Why Your Website Sucks: Your Bio

Why Your Website Sucks: Your Bio

Your website should include biographies of the key people in your organization. It gives website visitors a better grasp of your organization’s values and your management’s qualifications, making the organization more credible and trustworthy. Unless, of course, you screw up the biographies in which case they could backfire.

I’ve been writing website content for about eight years, including many bios, mostly for law firms. I’ve seen some really bad bios and I’ve read and written some pretty good ones. Bios are an opportunity to show website visitors why they should do business with you, donate to your nonprofit or at least sign up for your newsletter (Gripping stuff, I’m sure. If you need help, I write those too.).

Location, location, location

Like all website content, a bio should be considered like real estate. Some parts of that land are more valuable than others. The top of the bio is the most valuable because it may be the only part that’s actually read. That value shouldn’t be wasted on something the reader may not care about.

I’ve read attorney bios that started off with the fact the attorney likes to kayak and where the attorney was born. Unless your clients are kayak manufacturers, sellers or users, skip the kayak loving part (or put it at the end). There are many reasons to hire an attorney. I don’t imagine the person’s birthplace ranks very high for potential clients.

Don’t be a jerk

You may think you’re the world’s best lawyer/dentist/jewelry designer/truck driver but don’t write that. You’ll just look like an egotistical jerk (and there are ethical issues for attorneys making such claims). It’s OK if others claim you’re the best. Don’t do it yourself.

Another way to be a jerk is to claim success for things you didn’t do. Often lawyers like to claim they won this case or they settled that case for this huge amount. They didn’t. The client won the case and the client decided to settle. The lawyer just helped the client reach his or her goals. When it comes to marketing a law firm, I would stay away from saying the firm has amazing lawyers, they’re lawyers who help their clients do amazing things.

Be yourself, within limits

How do you differentiate yourself from your competition? Only you are you and that’s how you’re different from others. What makes you, you? Why are you in this line of business? Why does designing capacitors, fixing air conditioners or representing criminal defendants get you out of bed every morning? Why do you care so much it’s become a career or a business?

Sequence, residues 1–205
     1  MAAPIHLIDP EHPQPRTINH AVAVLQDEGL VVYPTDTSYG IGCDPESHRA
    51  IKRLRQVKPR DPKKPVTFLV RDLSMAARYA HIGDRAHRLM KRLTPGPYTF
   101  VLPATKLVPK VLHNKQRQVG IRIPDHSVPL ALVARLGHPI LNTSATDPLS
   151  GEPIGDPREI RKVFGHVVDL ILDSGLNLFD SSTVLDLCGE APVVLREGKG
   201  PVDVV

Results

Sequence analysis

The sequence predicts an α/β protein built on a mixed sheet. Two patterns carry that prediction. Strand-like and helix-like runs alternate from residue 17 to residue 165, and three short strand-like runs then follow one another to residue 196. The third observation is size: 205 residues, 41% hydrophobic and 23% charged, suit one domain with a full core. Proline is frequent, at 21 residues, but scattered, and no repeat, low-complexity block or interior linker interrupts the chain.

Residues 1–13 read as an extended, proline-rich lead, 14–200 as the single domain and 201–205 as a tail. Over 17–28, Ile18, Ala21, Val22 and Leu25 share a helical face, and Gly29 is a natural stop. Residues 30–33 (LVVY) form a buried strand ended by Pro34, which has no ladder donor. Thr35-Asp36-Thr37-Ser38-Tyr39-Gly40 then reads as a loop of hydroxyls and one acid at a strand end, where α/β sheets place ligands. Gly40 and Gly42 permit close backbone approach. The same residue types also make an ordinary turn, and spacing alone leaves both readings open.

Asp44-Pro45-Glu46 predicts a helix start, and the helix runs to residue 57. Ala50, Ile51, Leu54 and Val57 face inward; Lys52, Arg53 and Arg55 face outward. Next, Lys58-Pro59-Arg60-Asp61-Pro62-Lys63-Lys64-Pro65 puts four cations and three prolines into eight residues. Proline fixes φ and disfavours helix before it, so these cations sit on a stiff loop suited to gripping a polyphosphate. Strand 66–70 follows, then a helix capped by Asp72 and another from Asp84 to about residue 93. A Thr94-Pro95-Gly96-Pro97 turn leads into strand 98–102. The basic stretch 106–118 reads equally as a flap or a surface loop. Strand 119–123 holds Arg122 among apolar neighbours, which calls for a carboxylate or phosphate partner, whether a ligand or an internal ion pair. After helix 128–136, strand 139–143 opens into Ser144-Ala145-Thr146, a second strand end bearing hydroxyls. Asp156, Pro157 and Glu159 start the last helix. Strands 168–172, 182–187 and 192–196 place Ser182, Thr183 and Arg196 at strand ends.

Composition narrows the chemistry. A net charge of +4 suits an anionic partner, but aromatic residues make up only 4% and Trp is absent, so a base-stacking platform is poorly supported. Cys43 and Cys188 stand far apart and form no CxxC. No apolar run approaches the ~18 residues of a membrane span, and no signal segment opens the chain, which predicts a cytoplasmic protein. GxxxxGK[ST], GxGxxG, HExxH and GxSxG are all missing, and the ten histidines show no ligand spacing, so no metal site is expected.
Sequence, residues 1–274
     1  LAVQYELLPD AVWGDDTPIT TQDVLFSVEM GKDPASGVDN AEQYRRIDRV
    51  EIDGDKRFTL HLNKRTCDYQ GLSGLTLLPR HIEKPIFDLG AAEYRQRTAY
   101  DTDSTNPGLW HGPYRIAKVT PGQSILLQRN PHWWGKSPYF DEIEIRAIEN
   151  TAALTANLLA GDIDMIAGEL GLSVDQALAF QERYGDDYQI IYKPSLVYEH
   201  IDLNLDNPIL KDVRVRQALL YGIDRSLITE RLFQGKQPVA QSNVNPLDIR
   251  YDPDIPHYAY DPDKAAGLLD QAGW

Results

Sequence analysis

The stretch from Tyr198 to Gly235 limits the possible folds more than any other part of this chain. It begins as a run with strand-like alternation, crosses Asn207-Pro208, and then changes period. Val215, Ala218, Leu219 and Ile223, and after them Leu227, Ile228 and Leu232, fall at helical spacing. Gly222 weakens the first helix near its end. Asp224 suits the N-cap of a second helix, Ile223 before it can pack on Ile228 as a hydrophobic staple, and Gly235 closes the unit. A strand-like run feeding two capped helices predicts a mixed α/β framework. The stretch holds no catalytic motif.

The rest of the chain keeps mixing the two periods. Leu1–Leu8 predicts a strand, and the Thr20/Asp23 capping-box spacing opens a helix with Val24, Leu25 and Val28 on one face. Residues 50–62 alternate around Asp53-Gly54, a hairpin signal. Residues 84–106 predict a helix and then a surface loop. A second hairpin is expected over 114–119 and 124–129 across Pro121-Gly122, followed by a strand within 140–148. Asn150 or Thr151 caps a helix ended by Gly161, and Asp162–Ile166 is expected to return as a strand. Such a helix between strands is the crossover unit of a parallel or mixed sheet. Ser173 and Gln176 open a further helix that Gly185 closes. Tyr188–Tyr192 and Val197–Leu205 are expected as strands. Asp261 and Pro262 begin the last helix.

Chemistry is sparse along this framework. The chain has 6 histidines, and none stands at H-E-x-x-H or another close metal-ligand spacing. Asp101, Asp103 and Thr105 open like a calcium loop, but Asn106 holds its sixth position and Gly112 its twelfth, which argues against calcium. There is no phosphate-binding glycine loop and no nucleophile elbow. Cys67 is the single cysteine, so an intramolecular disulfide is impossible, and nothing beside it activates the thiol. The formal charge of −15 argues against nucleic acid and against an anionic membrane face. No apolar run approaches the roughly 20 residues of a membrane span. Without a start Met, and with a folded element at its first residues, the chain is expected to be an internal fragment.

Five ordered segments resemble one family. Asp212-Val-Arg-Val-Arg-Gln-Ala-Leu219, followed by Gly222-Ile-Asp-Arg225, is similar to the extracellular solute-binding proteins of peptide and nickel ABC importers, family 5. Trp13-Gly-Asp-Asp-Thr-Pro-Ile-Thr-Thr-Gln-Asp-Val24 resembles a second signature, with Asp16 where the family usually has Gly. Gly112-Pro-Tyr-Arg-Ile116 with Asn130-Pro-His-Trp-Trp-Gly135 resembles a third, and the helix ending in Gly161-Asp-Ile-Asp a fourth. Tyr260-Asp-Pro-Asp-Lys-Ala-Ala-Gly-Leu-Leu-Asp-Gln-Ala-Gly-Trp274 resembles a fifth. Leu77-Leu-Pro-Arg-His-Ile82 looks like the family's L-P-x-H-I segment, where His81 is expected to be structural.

Be honest but keep in mind this is marketing material. I asked a criminal defense attorney why she chose her practice. She had a great story about the satisfaction she gets from her work and how volunteering at a public defender’s office during law school changed her life. Made for great copy. I also talked to a personal injury attorney who told me he chose this practice because he thought it would enable him to make the most money in the shortest time. This didn’t make it to the bio.

Get personal but set borders

I write for many marketing companies. One absolutely doesn’t want anything about the lawyer’s personal life in the bio. I disagree. It allows you to soften your image and deepen the reader’s understanding of you. People do business with people. Show you’re a person. You do more than work. You volunteer for this group, you coach this team, you go deep sea fishing every summer. But, like I wrote, don’t put this at the top.

We live in a highly divided society so you need to think about who may or may not think kindly of you based on what you disclose. You may be involved in a LGBT organization, be a member of your local Republican or Democratic committee, picket abortion clinics or you’re a local Antifa organizer. Will disclosing this help or hurt your business?

You can’t have everyone as a client. Do you want to narrow your potential client base to those who share your interests (or at least don’t care what you do outside work)? If you fix air conditioners and include your LGBT involvement in your bio you could alienate those who aren’t tolerant of the LGBT community but you might also stand out to someone in that community who needs an air conditioner fixed.

Increasingly customers are seeking out businesses and service providers who share their values. Including in your bio how you volunteer your time to support your values could result in business from those who care about the same things that you do.

Make it easier for yourself

You want to make the right impression with your website bio and as you can see, it’s not so straightforward. You also may be really busy so don’t have the time to create your bio the right way. That’s why you hire a freelance writer like me to do it for you. Contact me or call me at (267) 393-4145 so we can start the conversation. You’ll be glad you did.